Poetry that breaks the spells of secrets and denial, solitude and memory.Following on his first poetry collection, The Hermit’s Kiss, Richard Teleky continues his exploration of solitude, memory, and the consolations of art in this new volume. The pull of the natural world, the loss of a beloved parent, an inherited family garden, and the claims of the imagination (from a Bartók piano concerto and characters in Chekhov’s Cherry Orchard to celebrities like Dolly Parton) are just a few of the subjects that Teleky turns to with passionate detachment and surreal wit. Using a range of verse forms, including the villanelle, elegies, and the contemporary sonnet. He creates a hermitage out of real and imaginary gardens, and the ephemeral nature of music. “Learn to carry the night / like a gift overdue,” Teleky writes near the end of The Hermit in Arcadia, challenging himself, and his readers, to stand firm before the weight of passing time.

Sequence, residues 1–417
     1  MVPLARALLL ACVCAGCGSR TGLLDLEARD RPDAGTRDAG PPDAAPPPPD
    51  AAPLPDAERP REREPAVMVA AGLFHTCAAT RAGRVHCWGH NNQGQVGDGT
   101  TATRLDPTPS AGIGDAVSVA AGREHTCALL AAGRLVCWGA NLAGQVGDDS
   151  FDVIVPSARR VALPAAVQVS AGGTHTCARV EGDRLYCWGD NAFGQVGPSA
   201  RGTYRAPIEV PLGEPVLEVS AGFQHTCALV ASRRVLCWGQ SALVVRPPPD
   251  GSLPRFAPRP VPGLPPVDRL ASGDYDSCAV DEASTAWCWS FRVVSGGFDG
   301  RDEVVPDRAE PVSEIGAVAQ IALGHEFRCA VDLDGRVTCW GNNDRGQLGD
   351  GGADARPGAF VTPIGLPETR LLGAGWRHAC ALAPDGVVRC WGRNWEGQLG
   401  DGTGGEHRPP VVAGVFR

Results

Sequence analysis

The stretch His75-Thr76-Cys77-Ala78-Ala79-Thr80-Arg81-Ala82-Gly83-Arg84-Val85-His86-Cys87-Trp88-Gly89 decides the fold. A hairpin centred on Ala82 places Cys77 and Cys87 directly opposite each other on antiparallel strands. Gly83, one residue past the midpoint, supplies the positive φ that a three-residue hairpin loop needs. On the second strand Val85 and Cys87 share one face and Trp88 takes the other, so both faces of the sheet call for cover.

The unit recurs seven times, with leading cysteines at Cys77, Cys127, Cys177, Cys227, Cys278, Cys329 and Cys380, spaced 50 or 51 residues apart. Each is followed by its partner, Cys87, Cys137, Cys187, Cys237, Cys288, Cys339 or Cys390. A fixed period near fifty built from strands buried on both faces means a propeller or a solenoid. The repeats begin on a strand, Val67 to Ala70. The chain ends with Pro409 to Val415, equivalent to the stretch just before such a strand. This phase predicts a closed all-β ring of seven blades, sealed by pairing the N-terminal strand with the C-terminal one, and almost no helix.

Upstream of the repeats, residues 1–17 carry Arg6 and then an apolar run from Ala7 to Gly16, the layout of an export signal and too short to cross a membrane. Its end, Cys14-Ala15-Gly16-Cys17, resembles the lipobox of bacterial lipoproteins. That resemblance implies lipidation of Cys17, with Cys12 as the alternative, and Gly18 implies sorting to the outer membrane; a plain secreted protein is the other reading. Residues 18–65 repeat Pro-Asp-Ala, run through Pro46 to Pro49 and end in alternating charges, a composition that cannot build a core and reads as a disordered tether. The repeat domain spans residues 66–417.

Richard Teleky is a professor in the Humanities Department at York University. He is the author of The Dog on the Bed; Goodnight, Sweetheart and Other Stories; The Hermit’s Kiss; Hungarian Rhapsodies; Pack Up the Moon; The Paris Years of Rosie Kamin; and Winter in Hollywood. He is the editor of The Exile Book of Canadian Dog Stories and The Oxford Book of French-Canadian Short Stories. He lives in Toronto, Ontario.